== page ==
“I am a little disappointed they didn’t put anything on the Jumbotron and say ‘thank you’ or anything like that,” Johansen told the Columbus Post-Dispatch. “I think we all know who made that call, but whatever.”

While Johansen enjoyed some productive seasons with the Blue Jackets, his time in Columbus, particularly his final months, were dogged with contentious headlines about his contract negotiations with the club and then his working relationship with coach John Tortorella.

Johansen, now 24 years old, has nine goals and 40 points in 58 games this season for Nashville. Currently in the final year of his three-year, $12 million contract, he’s a restricted free agent at the end of this season.

Make that four straight wins for the Bruins

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Brent Burns turned in a dominating performance. But Brad Marchand had the last laugh.

Marchand scored his 25th goal of the season and, more importantly, the overtime winner for the Boston Bruins as they defeated the San Jose Sharks 2-1 on Sunday.

That’s Boston’s fourth consecutive win since the controversial coaching change — which took another twist earlier in the week when the rival Montreal Canadiens fired Michel Therrien and hired Claude Julien. Off a defensive zone faceoff, Marchand bolted up the ice for the breakaway pass, on what appeared to be a set play, beating Martin Jones through the legs.

The Bruins move back into third in the Atlantic Division, and are now only four points back of the faltering Habs for first.

Meanwhile, the Sharks were unable to fully capitalize on another freakish Brent Burns outing. He’s been dubbed ‘an unstoppable force’ in recent posts at PHT — a defenseman possessing great size at six-foot-five-inches tall and 230 pounds, but no shortage of mobility and offensive talent with 27 goals and 64 points in 60 games. Um, and did we mention he’s a defenseman. . . ?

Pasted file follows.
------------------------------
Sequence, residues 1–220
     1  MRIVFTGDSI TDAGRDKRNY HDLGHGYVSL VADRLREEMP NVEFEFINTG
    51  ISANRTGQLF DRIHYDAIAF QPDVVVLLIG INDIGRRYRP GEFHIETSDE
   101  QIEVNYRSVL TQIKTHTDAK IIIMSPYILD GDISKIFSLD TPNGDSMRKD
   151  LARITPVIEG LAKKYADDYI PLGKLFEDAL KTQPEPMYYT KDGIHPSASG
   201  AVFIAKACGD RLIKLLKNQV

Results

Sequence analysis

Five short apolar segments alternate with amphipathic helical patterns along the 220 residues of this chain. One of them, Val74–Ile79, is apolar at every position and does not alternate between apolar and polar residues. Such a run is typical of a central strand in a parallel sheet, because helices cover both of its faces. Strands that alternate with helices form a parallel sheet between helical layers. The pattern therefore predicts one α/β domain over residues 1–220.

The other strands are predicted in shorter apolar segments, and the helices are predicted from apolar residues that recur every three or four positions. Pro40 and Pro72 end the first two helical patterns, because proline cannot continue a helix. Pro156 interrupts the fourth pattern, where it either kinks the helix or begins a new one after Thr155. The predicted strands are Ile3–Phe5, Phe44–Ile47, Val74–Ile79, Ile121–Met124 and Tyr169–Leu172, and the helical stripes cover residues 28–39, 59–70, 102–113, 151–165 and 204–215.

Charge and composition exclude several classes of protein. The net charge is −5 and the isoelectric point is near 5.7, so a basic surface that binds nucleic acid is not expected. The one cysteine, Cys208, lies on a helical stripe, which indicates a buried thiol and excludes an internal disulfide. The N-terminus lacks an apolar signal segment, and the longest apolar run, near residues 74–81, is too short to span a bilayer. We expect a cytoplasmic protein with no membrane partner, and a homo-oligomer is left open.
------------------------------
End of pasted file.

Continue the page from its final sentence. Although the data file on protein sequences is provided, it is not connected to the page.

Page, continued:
Against the Bruins, he had 20 shot attempts — by far the most of any player in this game — in just over 26 minutes of ice time.

Given the final score, that probably doesn’t mean much to Brad Marchand.

Jacob Trouba will have a hearing for head shot on Mark Stone

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It appears Jacob Trouba will face supplemental discipline from the NHL.

The league’s Department of Player Safety has said in a Twitter statement that Trouba, the Winnipeg Jets defenseman, will have a hearing tomorrow for his head shot on Ottawa Senators forward Mark Stone during Sunday’s game.

Trouba was assessed only a minor penalty on the play. Stone, who dealt with a concussion prior to the beginning of the season, stayed down on the ice before he eventually made his way to the dressing room.

The incident occurred when Trouba stepped up to throw a hit on Stone, but instead caught him in the head as he followed through, sending Stone to the ice.

Stone was one of three Ottawa forwards to leave the game because of injuries, which are piling up for the Senators.

Video: Drouin ‘wasn’t going to be denied’ on thrilling OT winner

TAMPA, FL - APRIL 30:  Jonathan Drouin #27 of the Tampa Bay Lightning celebrates his goal against the New York Islanders  during the first period in Game Two of the Eastern Conference Second Round during the 2016 NHL Stanley Cup Playoffs at Amalie Arena on April 30, 2016 in Tampa, Florida. (Photo by Scott Iskowitz/Getty Images)
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The Tampa Bay Lightning needed overtime to defeat the Colorado Avalanche on Sunday, but it’s a critical win for the Bolts as they try to chase down a playoff spot.

The hero? Jonathan Drouin, and he did so with a thrilling individual effort — making moves, then losing the puck and then immediately getting it back before he finally scored on the backhander.

That’s his 17th goal of the season. Tampa Bay gets a 3-2 win, which keeps them five points back of Toronto for the final wild card spot in the East.